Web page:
Capital protected KiwiSaver option launched

Westpac is launching a ‘capital protected’ option for its KiwiSaver to address the security concerns of potential investors.
The launch comes just as criticisms from industry agent provocateur (and KiwiSaver provider) Gareth Morgan that KiwiSaver is not government guaranteed have been widely reported, although Westpac has been planning the product well before those criticisms were made.
The scheme is designed and managed by Westpac-owned BT Funds Management.
“We are aware that there is a large part of the New Zealand population for whom superannuation schemes are an unknown quantity and the capital protection plan was designed by BT with them in mind,” says Westpac’s Head of Wealth Management, Tracey Berry.
Capital protected products have been very successful in the Australian market, she says.
The oft-discussed lack of sophisticated awareness amongst New Zealanders about the financial markets means people will probably opt for the more conservative products, and in general will be risk averse.
“We’ve done a lot of market testing of this with employers’ it’s one of five KiwiSaver products we’ll be offering but we think this will be favoured, especially for those who want to be heavily into equities but who are a bit nervous about it.”

KiwiSaver readies for take-off

Speech notes for launch of KiwiSaver publicity campaign, Holiday Inn, Featherston St, WellingtonKiwiSaver is a landmark in New Zealand’s economic and social legislation and I welcome this campaign to introduce it to working New Zealand.

One standout feature of KiwiSaver’s design is its simplicity. It makes it easy to join, easy to administer, easy to take with you when you change jobs…and, because of the government’s contribution, KiwiSaver makes it easy to building the savings you need when you retire.

So because KiwiSaver is a simple scheme for savers, it’s an easy message to communicate, and I believe this campaign will be more successful as a result.

One of the biggest problems we have with getting people to save is getting people interested. Most of us know by now that we need to have some financial assets put aside when we retire if we want to enjoy a standard of living comparable to our working life. But we put off the job of saving because we tell ourselves we have higher priorities. Retirement seems a long, long way in the future – until one day suddenly it isn’t. (Although, in my case, there are quite a few years to go yet…).

As a result, not enough of us are saving – especially in the groups who need help the most. A survey of household savings in 2001 showed only a low proportion of kiwis in low and middle earning range (of $15,000-$50,000 then) had any financial assets at all – just 15% of individuals and 17% of couples in that earning bracket.

The way to get people engaged is to get them started in a regular programme of saving.

And the campaign around KiwiSaver will build the interest and help to engage the interest of kiwis at work in getting started.

When not enough of us are saving there are real effects on individuals directly, through a lower standard of living in retirement. And it has real effects on the wider economy, which in turn affects the wellbeing of all New Zealanders.

When we are spending more than we save – as much as $1.15 for every dollar we earned last year, according to one measure – inflationary pressures are higher, interest rates are higher, which puts pressure on our exchange rate and our exporters.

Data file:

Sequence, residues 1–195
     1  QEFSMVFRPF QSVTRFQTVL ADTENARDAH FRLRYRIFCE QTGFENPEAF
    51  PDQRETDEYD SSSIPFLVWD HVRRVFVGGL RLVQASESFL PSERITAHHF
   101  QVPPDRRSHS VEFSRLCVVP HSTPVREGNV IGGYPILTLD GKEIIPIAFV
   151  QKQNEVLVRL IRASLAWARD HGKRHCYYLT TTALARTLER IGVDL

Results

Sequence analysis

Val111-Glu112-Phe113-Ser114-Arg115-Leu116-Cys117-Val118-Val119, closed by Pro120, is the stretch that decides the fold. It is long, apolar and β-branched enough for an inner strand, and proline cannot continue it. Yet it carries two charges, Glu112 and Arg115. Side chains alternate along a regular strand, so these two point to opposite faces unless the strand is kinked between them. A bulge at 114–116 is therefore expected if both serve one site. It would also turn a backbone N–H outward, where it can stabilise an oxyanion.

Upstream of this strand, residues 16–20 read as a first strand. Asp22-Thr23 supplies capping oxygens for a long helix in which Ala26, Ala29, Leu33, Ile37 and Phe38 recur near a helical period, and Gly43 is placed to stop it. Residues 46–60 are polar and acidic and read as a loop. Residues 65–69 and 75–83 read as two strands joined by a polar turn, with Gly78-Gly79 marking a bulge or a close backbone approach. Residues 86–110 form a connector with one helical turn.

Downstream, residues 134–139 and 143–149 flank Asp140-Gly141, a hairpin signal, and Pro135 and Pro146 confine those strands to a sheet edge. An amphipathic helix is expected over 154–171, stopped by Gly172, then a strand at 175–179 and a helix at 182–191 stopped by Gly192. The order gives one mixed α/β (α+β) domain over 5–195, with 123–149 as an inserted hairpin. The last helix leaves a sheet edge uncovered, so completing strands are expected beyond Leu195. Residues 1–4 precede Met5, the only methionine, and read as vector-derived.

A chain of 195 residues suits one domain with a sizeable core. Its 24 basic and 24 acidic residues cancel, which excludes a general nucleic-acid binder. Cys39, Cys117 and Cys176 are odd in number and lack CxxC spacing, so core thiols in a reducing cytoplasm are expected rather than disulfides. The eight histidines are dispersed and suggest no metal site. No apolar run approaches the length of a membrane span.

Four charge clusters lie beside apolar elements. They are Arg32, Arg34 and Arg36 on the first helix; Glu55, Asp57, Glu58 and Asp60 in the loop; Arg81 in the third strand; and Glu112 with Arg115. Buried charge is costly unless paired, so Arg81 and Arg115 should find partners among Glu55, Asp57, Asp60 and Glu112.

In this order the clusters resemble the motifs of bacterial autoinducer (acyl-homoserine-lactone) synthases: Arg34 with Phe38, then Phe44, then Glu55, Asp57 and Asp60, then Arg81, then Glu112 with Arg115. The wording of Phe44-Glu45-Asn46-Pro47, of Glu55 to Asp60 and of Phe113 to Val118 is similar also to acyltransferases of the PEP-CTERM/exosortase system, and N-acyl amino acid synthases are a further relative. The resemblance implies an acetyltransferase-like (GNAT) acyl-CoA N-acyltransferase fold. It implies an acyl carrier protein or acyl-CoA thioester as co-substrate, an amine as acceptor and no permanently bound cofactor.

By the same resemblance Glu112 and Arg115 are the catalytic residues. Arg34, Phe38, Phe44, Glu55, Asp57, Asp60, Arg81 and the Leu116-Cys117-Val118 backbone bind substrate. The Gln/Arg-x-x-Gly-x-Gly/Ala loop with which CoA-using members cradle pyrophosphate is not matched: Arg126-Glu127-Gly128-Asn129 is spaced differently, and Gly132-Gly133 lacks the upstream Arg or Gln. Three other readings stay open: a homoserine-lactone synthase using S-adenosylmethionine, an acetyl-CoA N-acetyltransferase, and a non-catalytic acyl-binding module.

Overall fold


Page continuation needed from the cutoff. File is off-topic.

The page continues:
So anything that helps to increase saving helps us all.

Not everyone will sign up to KiwiSaver on day one, when the scheme starts on the first of July. I would be surprised if people didn’t look at their current commitments and wonder where they are going to find 4% or 8% of their gross salary.

But we know that around 700,000 kiwis change jobs every year, and they will be automatically enrolled then (with the option to opt out within 8 weeks). Most often, people expect their salaries to increase as they change jobs, so there will be more room to put something aside.

Others might decide to join as they pay off hire purchase liabilities and so on, instead of taking on more debt.

Others will join the scheme as they receive their normal wage increases.

I’ve been encouraged since the budget that many employers and most unions are making positive noises about supporting working people into KiwiSaver.

The Stock Exchange welcomed the scheme immediately, and major employers are indicating KiwiSaver works for them – employers like innovative international kiwi company Gallagher Animal Management Systems, and our biggest tourism company, Tourism Holdings.

And last week Air New Zealand announced it would contribute the full 4% of the matching employer contribution from next April, three years earlier than required. That’s very heartening and I am confident more employers will see KiwiSaver as a smart way to encourage greater loyalty and to recruit and retain skilled staff.

And it’s not just a simple, effective scheme for big employers; it’s a low cost, off the shelf super scheme for smaller employers as well. I was reminded of this last week when I visited an innovative irrigation technology company on the Kapiti Coast. One of the owners told me, ‘”I want the very best for my employees. If it encourages them to be better off, then I am all for it.” That’s a great attitude.

I was interested to read comments from members of the public who were shown previews of the publicity campaign. They made comments such as, “They make it easy – one less thing to worry about-…and – No matter what the day throws at you – your KiwiSaver will be safely ticking over”.

If we foster those attitudes, we will overcome one of the big hurdles in the way of lifting our saving – the motivation to get going, and the feeling that it’s too hard.

It remains for me to congratulate everyone involved in the campaign, from IRD and Saatchis Wellington especially.